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The lane running from the present bridge into Myton Pastures, looking east.
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The sign showing the open access area on Myton Pastures, under the Countryside Stewardship agreement.
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Visiting the Battlefield

Myton is one of the least satisfactory of battlefield visits, due mainly to the lack of topographical detail in the contemporary sources or of any archaeological evidence to help to pin down the exact locations of the main events. This is unfortunate because the landscape itself is a quiet, pleasant one to walk through, with a feeling of remoteness yet reasonably easy of access. But a visit is still worthwhile, for one gains a very good feeling for the scale of the rivers and can understand how great a barrier they will have represented. Also one can appreciate the low lying nature of the landscape, the extent of the floodplain and the degree to which the very slight changes in the height will have led to great differences in land use: from meadow on the floodplain to the strip cultivation of the hedgeless open fields on the slightly higher and drier ground. What must be treated with care is anything which suggests more than the most general location of the events, for so much remains to be discovered as to exactly where on the land to the west of the Swale the action actually took place.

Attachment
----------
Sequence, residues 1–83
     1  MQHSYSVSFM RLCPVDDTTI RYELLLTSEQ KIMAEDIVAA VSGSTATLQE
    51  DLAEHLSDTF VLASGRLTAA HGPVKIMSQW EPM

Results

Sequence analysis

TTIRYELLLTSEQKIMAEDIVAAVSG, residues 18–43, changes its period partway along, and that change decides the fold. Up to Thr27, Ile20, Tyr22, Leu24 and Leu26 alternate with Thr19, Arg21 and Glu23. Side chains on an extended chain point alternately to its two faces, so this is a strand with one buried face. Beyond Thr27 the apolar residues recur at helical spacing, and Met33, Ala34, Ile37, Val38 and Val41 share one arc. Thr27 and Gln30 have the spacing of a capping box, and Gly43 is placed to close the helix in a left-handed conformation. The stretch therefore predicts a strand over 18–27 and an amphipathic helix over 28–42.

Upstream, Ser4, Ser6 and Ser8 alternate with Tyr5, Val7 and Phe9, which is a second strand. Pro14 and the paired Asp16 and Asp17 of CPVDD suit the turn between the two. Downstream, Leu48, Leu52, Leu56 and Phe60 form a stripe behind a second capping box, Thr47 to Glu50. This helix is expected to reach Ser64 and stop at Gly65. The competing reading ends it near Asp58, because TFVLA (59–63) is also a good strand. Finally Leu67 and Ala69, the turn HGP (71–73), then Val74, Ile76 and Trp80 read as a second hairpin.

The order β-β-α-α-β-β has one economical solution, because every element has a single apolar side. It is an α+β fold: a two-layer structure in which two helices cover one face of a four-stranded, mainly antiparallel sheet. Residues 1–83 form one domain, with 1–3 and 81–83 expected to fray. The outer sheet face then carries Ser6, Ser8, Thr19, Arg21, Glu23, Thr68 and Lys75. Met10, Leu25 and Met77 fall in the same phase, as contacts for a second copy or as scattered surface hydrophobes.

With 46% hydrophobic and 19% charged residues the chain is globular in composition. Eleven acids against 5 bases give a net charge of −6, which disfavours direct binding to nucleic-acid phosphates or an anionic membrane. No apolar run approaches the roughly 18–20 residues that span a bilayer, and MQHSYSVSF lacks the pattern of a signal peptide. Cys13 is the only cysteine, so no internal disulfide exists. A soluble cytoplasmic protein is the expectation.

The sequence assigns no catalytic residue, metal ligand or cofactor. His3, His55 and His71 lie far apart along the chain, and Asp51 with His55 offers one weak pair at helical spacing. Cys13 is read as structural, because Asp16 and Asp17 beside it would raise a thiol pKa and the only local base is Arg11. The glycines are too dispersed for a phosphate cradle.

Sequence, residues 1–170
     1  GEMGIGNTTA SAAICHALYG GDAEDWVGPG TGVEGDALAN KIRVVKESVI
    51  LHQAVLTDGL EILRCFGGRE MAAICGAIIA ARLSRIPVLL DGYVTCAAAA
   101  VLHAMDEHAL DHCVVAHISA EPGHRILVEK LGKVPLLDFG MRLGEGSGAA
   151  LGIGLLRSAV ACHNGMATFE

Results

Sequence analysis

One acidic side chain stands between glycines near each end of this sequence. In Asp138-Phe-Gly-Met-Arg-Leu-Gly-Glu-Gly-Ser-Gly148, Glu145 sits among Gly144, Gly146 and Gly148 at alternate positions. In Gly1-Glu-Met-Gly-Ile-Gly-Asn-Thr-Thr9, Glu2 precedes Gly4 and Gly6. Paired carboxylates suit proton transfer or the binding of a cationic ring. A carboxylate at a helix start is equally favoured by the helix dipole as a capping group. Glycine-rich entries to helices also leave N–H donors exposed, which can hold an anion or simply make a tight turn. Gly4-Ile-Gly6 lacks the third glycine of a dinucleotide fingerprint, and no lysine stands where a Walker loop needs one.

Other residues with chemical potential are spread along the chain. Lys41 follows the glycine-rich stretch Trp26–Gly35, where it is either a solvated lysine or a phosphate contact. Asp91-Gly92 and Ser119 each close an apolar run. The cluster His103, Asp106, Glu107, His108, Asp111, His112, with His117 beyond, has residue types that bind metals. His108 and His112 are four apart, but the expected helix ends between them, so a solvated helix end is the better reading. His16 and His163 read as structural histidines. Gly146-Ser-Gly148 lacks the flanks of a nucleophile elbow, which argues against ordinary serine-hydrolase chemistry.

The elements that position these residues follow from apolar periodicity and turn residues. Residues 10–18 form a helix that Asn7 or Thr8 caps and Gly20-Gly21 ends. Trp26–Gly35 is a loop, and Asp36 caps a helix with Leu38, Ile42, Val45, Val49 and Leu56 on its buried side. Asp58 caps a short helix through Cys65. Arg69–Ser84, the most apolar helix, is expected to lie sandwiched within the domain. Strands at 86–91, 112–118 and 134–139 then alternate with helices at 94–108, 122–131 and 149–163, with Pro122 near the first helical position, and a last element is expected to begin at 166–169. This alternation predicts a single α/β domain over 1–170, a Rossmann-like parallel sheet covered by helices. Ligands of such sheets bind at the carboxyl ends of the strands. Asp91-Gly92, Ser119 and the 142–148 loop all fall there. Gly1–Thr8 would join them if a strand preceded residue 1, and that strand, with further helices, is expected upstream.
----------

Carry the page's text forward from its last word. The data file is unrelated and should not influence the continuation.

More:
The battlefield, as currently interpreted, lies close to the confluence of the rivers Ure and Swale, in the angle between the two. There is no road bridge across either river at Myton, but there is a 19th century bridge which gives pedestrian access over the Swale from the village itself, enabling access to the battlefield from the east. If approaching the battlefield from Myton village then please park off the road on the wide grass verge, along the north side of the village street, next to the church.

However, perhaps more satisfying as a walk, and certainly much easier to reach by vehicle from the A1, is an approach from the west, on the north side of the Ure, from Boroughbridge. An approach from the west has the added advantage of enabling the visit to be complemented by an exploration of the Boroughbridge battlefield. This is the approach and walk that is described here. It is also possible to reach the battlefield on foot from Boroughbridge, but this is a long trek and Myton village has no pub or shop to provide refreshments en route.

For a battlefield location map from CLICK HERE


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